Joshua is a student from Institute of Technology and Higher Education of Monterrey Campus Guadalajara in Communication and Digital Media. His experience ranges from Plug and Play México, DearDoc, and Nissan México creating unique social media marketing campaigns and graphics design. Joshua helps to amplify the voice of supply chain here at Supply Chain Now by assisting in graphic design, content creation, asset logistics, and more. In his free time he likes to read and write short stories as well as watch movies and television series.
Director of Communications and Executive Producer
Donna Krache is a former CNN executive producer who has won several awards in journalism and communication, including three Peabodys. She has 30 years’ experience in broadcast and digital journalism. She led the first production team at CNN to convert its show to a digital platform. She has authored many articles for CNN and other media outlets. She taught digital journalism at Georgia State University and Arizona State University. Krache holds a bachelor’s degree in government from the College of William and Mary and a master’s degree in curriculum and instruction from the University of New Orleans. She is a serious sports fan who loves the Braves. She is president of the Dave Krache Foundation. Named in honor of her late husband, this non-profit pays fees for kids who want to play sports but whose parents are facing economic challenges.
Vicki has a long history of rising to challenges and keeping things up and running. First, she supported her family’s multi-million dollar business as controller for 12 years, beginning at the age of 17. Then, she worked as an office manager and controller for a wholesale food broker. But her biggest feat? Serving as the chief executive officer of her household, while her entrepreneur husband travelled the world extensively. She fed, nurtured, chaperoned, and chauffeured three daughters all while running a newsletter publishing business and remaining active in her community as a Stephen’s Minister, Sunday school teacher, school volunteer, licensed realtor and POA Board president (a title she holds to this day). A force to be reckoned with in the office, you might think twice before you meet Vicki on the tennis court! When she’s not keeping the books balanced at Supply Chain Now or playing tennis matches, you can find Vicki spending time with her husband Greg, her 4 fur babies, gardening, cleaning (yes, she loves to clean!) and learning new things.
Ben Harris is the Director of Supply Chain Ecosystem Expansion for the Metro Atlanta Chamber. Ben comes to the Metro Atlanta Chamber after serving as Senior Manager, Market Development for Manhattan Associates. There, Ben was responsible for developing Manhattan’s sales pipeline and overall Americas supply chain marketing strategy. Ben oversaw market positioning, messaging and campaign execution to build awareness and drive new pipeline growth. Prior to joining Manhattan, Ben spent four years with the Georgia Department of Economic Development’s Center of Innovation for Logistics where he played a key role in establishing the Center as a go-to industry resource for information, support, partnership building, and investment development. Additionally, he became a key SME for all logistics and supply chain-focused projects. Ben began his career at Page International, Inc. where he drove continuous improvement in complex global supply chain operations for a wide variety of businesses and Fortune 500 companies. An APICS Certified Supply Chain Professional (CSCP), Ben holds an Executive Master’s degree in Business Administration (EMBA) and bachelor’s degree in International Business (BBA) from the Terry College at the University of Georgia.
Host, The Freight Insider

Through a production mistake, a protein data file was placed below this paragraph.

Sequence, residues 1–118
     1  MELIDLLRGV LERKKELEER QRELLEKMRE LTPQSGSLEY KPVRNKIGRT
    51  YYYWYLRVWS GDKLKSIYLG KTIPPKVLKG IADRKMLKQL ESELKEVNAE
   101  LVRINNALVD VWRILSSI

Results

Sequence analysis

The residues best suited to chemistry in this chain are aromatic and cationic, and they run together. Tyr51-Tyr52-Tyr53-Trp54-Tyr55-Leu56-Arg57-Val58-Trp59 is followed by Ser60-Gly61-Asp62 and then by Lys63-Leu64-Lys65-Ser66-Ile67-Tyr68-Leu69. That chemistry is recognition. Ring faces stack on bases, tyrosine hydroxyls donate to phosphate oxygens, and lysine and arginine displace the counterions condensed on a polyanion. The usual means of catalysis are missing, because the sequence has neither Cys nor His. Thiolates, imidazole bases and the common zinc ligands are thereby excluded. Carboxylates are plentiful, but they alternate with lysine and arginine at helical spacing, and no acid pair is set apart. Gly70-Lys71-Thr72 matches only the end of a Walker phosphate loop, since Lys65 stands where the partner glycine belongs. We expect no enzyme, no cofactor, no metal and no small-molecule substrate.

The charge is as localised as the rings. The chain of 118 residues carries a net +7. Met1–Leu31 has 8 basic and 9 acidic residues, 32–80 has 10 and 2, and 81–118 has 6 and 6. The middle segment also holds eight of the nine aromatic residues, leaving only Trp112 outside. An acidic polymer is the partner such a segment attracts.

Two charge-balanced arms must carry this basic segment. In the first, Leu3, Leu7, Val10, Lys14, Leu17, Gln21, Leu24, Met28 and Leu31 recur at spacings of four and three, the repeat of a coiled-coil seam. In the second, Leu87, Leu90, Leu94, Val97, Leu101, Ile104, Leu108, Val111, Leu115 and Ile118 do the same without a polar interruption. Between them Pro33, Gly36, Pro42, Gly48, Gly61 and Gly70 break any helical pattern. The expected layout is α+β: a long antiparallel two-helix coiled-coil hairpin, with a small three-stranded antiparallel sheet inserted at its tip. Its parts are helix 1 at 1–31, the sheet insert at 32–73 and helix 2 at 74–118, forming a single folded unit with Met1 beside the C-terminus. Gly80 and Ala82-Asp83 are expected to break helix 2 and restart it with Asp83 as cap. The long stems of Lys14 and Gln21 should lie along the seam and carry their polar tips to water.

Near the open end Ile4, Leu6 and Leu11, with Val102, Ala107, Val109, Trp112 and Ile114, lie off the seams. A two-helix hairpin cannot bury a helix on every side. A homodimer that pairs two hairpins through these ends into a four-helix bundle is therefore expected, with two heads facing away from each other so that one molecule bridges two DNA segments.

Prior to joining TeamOne Logistics, Page Siplon served as the Executive Director of the Georgia Center of Innovation for Logistics, the State’s leading consulting resource for fueling logistics industry growth and global competitiveness. For over a decade, he directly assisted hundreds of companies to overcome challenges and capitalize on opportunities related to the movement of freight. During this time, Siplon was also appointed to concurrently serve the State of Georgia as Director of the larger Centers of Innovation Program, in which he provided executive leadership and vision for all six strategic industry-focused Centers. As a frequently requested keynote speaker, Siplon is called upon to address a range of audiences on unique aspects of technology, workforce, and logistics. This often includes topics of global and domestic logistics trends, supply chain visibility, collaboration, and strategic planning. He has also been quoted as an industry expert in publications such as Forbes, Journal of Commerce, Fortune, NPR, Wall Street Journal, Reuters, American Express, DC Velocity, Area Development Magazine, Site Selection Magazine, Inbound Logistics, Modern Material Handling, and is frequently a live special guest on SiriusXM’s Road Dog Radio Show. Siplon is an active industry participant, recognized by DC Velocity Magazine as a “2012 Logistics Rainmaker” which annually identifies the top-ten logistics professionals in the Nation; and named a “Pro to Know” by Supply & Demand Executive Magazine in 2014. Siplon was also selected by Georgia Trend Magazine as one of the “Top 100 Most Influential Georgians” for 2013, 2014, and 2015. He also serves various industry leadership roles at both the State and Federal level. Governor Nathan Deal nominated Siplon to represent Georgia on a National Supply Chain Competitiveness Advisory Committee, where he was appointed to a two-year term by the U.S. Secretary of Commerce and was then appointed to serve as its vice-chairman. At the State level, he was selected by then-Governor Sonny Perdue to serve as lead consultant on the Commission for New Georgia’s Freight and Logistics Task Force. In this effort, Siplon led a Private Sector Advisory Committee with invited executives from a range of private sector stakeholders including UPS, Coca-Cola, The Home Depot, Delta Airlines, Georgia Pacific, CSX, and Norfolk Southern. Siplon honorably served a combined 12 years in the United States Marine Corps and the United States Air Force. During this time, he led the integration of encryption techniques and deployed cryptographic devices for tactically secure voice and data platforms in critical ground-to-air communication systems. This service included support for all branches of the Department of Defense, multiple federal security agencies, and aiding NASA with multiple Space Shuttle launches. Originally from New York, Siplon received both a bachelor’s and master’s degree in electrical and computer engineering with a focus on digital signal processing from the Georgia Institute of Technology. He earned an associate’s degree in advanced electronic systems from the Air Force College and completed multiple military leadership academies in both the Marines and Air Force. Siplon currently lives in Cumming, Georgia (north of Atlanta), with his wife Jan, and two children Thomas (19) and Lily (15).